The “science” of investing is well known. The modern portfolio theory (MPT) of investments developed over the past 50 years, starting with Harry Markowitz, has become so ingrained into the investment management culture that the concept of portfolio diversification has become second nature to most people. This is of course due to the mathematical analysis showing that diversification improves investment portfolios’ risk and return characteristics. To say differently, it makes good math sense.
Recently though, investment management research has begun to venture into the new field know as Behavioral Finance. At a high level, this theory points out that the owners of these investment portfolios are not emotionless robots that are attempting to optimize the expected value of portfolios for a given level of risk, but rather humans who have reactions to watching their portfolios change in value and who also have goals for the wealth created. Often times this theory’s task seems to be to point out our human flaws and biases so that we can move closer to MPT. This includes our confirmation bias (seeking out only information we agree with rather than information that challenges our thinking), overconfidence bias (believing we are above average in our skills), and loss aversion (finding that we will irrationally gamble to avoid a loss already sustained but unwilling to take a gamble that might result in a loss, even when the odds are in our favor). Still, this idea also points out what gets lost in the math of MPT. Specifically, that an investment portfolio has greater purpose than just the accumulation of money.
The meaning here can be shown in the following dream scenario. You take a trip to Vegas, you see a slot machine, you put a dollar into the machine for fun, pull the lever, and you hit the big jackpot. You are then told that you can either have the $10 million prize immediately, or a flip of a coin for the chance to win $25 million or lose it all. The vast majority of people would take the $10 million dollars. Consider instead the experience of the MPT optimizing robot. First, the robot would likely not put the $1 into the slot machine. Why put $1 in when the expected value is $0.95? Second, given the jackpot options the robot would likely gamble it all at the chance for $25 million as the expected value of $12.5 million is greater than the $10 million. The math is clear—the robot is optimizing and we are not. But that is not the whole story.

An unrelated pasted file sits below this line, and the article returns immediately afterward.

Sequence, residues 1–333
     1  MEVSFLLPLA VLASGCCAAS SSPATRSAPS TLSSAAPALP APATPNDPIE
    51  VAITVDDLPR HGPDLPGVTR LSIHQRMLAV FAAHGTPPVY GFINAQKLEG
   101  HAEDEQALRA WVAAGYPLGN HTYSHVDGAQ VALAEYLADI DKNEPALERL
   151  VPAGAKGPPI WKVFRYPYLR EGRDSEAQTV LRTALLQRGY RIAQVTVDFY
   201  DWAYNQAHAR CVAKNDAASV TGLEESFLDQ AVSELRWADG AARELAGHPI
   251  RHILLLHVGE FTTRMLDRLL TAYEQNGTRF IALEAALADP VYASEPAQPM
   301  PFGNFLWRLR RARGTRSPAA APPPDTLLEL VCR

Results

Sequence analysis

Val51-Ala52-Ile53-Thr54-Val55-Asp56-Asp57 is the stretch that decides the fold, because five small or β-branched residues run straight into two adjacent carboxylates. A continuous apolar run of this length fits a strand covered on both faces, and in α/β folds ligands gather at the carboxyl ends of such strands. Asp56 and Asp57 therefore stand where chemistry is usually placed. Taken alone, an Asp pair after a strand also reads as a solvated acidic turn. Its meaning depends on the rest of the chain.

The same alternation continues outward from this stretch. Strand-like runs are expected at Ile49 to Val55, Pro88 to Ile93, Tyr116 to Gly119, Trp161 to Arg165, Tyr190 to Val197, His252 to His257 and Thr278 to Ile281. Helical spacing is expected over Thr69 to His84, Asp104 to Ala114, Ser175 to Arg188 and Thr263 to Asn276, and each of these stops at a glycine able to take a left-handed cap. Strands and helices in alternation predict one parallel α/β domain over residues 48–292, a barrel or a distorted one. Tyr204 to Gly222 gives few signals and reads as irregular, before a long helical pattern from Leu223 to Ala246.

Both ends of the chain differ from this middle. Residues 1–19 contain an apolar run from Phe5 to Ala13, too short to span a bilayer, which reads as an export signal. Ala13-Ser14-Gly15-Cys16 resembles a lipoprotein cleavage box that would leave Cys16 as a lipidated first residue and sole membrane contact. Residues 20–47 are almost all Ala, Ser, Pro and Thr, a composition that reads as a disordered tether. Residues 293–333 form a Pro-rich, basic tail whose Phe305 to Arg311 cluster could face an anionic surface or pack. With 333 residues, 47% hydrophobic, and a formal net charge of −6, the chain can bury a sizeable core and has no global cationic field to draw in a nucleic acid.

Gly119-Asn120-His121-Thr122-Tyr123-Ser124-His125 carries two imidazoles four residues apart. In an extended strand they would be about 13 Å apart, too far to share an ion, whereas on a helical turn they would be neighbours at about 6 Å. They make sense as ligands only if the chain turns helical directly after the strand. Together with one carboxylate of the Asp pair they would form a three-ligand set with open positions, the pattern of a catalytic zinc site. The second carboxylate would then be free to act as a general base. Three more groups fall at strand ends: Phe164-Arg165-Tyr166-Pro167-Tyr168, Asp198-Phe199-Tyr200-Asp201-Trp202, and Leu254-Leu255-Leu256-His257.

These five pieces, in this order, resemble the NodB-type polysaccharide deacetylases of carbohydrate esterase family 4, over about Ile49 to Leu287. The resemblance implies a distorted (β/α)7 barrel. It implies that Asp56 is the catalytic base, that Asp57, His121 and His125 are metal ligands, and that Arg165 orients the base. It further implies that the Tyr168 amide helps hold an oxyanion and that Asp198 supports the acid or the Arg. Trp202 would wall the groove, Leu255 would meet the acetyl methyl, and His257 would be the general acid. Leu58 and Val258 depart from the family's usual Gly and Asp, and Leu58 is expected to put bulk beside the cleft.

First, most humans get utility from putting a dollar into a slot machine outside of the outcome of the gamble. As such, we may be rational to gamble if the utility of the $0.95 expected value and the experience of gambling together are greater than the utility of the $1 in our pocket. Second, given the jackpot options, outside of the fear of losing the $10 million, there is also a diminishing marginal utility to money. That is to say simply that an extra $1 million to you or me changes our lives a lot more than an extra $1 million to Warren Buffett. It is quite possible that the utility we tie to that first $10 million is greater than the utility to that next $15 million. As such, we could be rational in both the action to gamble and the decision to take $10 million.
While lottery dreams are nice, the practical meaning is that our investments allow us to do things. Said differently, our investment balance is not just a number, it represents our ability to meet goals. To some, that $10 million meant the ability to have the freedom to travel, to retire for others, a fleet of cars to those so inclined, and a chance to make the world a better place for still others.
In this line of thinking, the relatively newly developed bucket approach to investment management ties specific assets to specific goals. This simple concept turns a portfolio that is invested based on some risk profile that in an opaque manner will meet your goals into a portfolio of portfolios that represent directly your goals. Accordingly, rather than having portfolio performance measured against a generic market benchmark, the measure that matters is whether each of these portfolios is on track to meet their assigned goals. Accordingly, Brinker Capital’s recent offering in this area is appropriately named “Personal Benchmark.” A final point is that people draw utility not just from spending their investments to meet goals, but also from where and how they invest. Socially Responsible Investing, also known as ESG (Environmental, Social and Governance), allows people to allocate capital where they believe the welfare of those outside themselves is best considered. Outside of the fact that there is evidence that investing in industries and companies that have these positive attributes may also improve investment performance, the fact that we are able to encourage positive change in the world while we save for our goals is a powerful concept.
In aggregate, the recent changes to investment management are brilliant in their simplicity to give purpose back to investments. The more empowered we feel with meeting our goals with our investments, the more likely we are to meet, and even exceed, those goals.